Ostrya Virginiana Tree Information

Images of Ostrya Virginiana:

Ostrya Virginiana grows in the following 43 states and provinces:

Alabama, Arkansas, Colorado, Connecticut, Delaware, Florida, Georgia, Illinois, Indiana, Iowa, Kansas, Kentucky, Louisiana, Maine, Manitoba, Maryland, Massachusetts, Michigan, Minnesota, Mississippi, Missouri, Nebraska, New Brunswick, New Hampshire, New Jersey, New York, North Carolina, North Dakota, Nova Scotia, Ohio, Oklahoma, Ontario, Pennsylvania, Prince Edward Island, Rhode Island, South Carolina, South Dakota, Tennessee, Texas, Vermont, Virginia, West Virginia, Wisconsin

Information about Ostrya Virginiana:

More information about Ostrya Virginiana may be found here.

The Ostrya Virginiana is commonly known as the American Hophornbeam, Eastern Hophornbeam, Hophornbeam as well as Ironwood.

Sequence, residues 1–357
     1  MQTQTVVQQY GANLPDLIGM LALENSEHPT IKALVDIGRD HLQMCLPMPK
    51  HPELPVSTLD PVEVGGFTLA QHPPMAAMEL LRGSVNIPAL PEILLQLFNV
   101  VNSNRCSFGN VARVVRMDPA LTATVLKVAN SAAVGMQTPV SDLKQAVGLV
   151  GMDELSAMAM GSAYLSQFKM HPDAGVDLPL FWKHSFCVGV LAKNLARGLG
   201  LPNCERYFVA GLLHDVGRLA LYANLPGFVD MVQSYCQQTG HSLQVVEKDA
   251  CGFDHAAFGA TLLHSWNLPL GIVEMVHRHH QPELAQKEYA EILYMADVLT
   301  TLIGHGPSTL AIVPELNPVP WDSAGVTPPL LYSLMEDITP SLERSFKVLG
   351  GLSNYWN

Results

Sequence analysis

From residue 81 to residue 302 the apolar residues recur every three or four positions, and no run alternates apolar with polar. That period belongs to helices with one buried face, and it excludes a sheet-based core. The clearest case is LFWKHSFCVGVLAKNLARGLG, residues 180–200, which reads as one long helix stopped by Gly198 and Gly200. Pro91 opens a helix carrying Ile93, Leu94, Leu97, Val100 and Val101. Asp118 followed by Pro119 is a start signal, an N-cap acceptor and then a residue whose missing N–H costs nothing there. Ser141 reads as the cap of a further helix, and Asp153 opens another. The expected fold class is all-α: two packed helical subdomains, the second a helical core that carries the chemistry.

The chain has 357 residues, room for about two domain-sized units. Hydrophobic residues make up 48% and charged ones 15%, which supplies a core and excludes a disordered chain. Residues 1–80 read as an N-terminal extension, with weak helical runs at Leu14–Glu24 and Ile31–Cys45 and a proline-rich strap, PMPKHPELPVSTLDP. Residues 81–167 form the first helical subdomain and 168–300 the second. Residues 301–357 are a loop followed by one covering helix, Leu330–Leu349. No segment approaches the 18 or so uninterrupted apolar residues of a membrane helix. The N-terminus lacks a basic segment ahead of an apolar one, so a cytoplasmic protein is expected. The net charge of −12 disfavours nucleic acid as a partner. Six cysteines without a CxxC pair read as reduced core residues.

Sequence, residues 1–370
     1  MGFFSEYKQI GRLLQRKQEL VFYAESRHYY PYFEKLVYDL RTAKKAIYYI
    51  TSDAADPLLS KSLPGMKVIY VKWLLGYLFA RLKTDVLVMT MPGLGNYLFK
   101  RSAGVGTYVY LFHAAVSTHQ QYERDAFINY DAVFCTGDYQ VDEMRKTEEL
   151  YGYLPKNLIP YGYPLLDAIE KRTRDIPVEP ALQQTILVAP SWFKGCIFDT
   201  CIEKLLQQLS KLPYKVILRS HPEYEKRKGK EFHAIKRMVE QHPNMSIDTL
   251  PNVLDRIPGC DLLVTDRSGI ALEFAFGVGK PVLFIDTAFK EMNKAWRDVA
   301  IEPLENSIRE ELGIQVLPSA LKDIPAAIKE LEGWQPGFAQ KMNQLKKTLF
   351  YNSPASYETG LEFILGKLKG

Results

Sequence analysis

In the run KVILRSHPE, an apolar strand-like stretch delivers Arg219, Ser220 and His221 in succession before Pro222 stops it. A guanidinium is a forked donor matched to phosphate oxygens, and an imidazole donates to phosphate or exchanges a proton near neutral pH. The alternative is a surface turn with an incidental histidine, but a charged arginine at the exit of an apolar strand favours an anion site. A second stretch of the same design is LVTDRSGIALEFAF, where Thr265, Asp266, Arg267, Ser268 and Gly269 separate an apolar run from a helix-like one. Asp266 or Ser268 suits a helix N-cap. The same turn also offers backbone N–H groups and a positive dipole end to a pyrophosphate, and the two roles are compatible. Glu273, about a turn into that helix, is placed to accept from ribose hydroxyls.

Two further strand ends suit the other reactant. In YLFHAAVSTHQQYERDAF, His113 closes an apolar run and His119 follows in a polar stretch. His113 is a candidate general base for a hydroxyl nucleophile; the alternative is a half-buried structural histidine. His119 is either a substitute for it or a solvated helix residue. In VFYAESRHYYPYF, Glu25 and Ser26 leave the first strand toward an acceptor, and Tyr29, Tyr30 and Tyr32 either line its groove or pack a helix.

The currently accepted scientific name for eastern hophornbeam is Ostrya virginiana (Mill.) K. Koch . Recognized varieties and forms are as follows : var. virginiana - (typical) eastern hophornbeam var. laisa Fern. - with twigs permanently and heavily pubescent var. virginiana forma glandulosa (Spach) Macbr. - with stalked glands on the twigs

Eastern hophornbeam is found from Prince Edward's Island to Nova Scotia west through Ontario and Manitoba, and south to the Black Hills of South Dakota. Its range includes all eastern states to northern Florida and eastern Texas. It also extends to the highlands of southern Mexico, and south to Guatemala, El Salvador, and Honduras .

Eastern hophornbeam most commonly occurs as a subordinate species in maple(Acer spp.)-beech (Fagus spp.) and maple-basswood (Tilia spp.) communities. It is not an indicator of any particular habitat type .

Some of the information provided here is attributed to:Coladonato, Milo 1992. Ostrya virginiana. In: Fire Effects Information System, [Online]. U.S. Department of Agriculture, Forest Service, Rocky Mountain Research Station, Fire Sciences Laboratory (Producer). , available at the USDA Fire Effects Information System (FEIS) website